Over 700 cases of Measles surface in US

Over 700 cases of Measles surface in US

Washington: At least 704 people in the United States have been affected by measles this year, authorities said on Monday.
The Washington Post cited a report in which the Centers for Disease Control and Prevention (CDC) stated that more than 500 people affected by the highly contagious and potentially life-threatening disease, were not vaccinated.
The virus has been found in 22 states while more than 66 people have been hospitalized across the US.
About 400 of the cases have been found in New York City and its suburbs, mostly in Orthodox Jewish communities.
On April 24, the CDC said the number of cases had surpassed the previous record of 667, set in 2014. This year’s outbreak is the largest in a single year in 25 years since the disease was declared eliminated in the US in 2000.
In 1994, there were 963 cases, The New York Times reported.
Robert Redfield, Director of the CDC, told The Washington Post that around 100,000 children in the US, below the
age of 2, have not been vaccinated, adding that they are vulnerable in this outbreak.
“Some infants are not immunized because their parents avoid vaccination. Others cannot be protected either because they are allergic to components of the vaccine or are, for example, taking cancer or organ-transplant medications that suppress their immune systems,” Redfield was quoted as saying.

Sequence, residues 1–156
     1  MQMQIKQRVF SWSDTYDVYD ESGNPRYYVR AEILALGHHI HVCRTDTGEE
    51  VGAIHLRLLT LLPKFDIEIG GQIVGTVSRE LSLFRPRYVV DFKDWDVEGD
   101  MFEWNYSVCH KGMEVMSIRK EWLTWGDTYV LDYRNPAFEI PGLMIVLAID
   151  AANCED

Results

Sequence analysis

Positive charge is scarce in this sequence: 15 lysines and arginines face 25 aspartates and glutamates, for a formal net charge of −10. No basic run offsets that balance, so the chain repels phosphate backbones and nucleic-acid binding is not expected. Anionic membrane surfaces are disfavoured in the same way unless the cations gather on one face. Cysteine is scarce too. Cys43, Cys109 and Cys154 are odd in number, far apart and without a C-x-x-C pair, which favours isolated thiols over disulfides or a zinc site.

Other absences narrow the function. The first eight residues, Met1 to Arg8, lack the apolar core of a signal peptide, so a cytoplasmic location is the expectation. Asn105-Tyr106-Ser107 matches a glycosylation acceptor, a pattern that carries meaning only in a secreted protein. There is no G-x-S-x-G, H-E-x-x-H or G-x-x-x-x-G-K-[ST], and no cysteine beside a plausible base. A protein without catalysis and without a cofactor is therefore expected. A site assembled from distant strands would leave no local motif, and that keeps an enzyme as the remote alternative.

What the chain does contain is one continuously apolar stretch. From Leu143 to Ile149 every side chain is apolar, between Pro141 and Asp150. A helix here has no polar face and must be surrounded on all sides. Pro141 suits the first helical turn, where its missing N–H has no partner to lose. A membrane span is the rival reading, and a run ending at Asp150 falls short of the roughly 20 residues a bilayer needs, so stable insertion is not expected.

New York City’s Mayor Bill de Blasio has declared a state of emergency and warned residents of four Brooklyn ZIP codes of fines worth USD 1,000 if they refuse to get vaccinated.
There have been no confirmed measles deaths in the country, but officials have said it is just a matter of time.
According to the World Health Organisation, pneumonia and encephalitis are the most common severe complications, and epidemics among malnourished children who cannot get modern hospital care have mortality rates of 10 percent or more.
Measles is considered to be one of the most contagious diseases. Virus-laced droplets can hover in still indoor air for up to two hours after someone infected has coughed or sneezed. Up to 90 percent of people who are exposed will catch the virus if they are not immunized.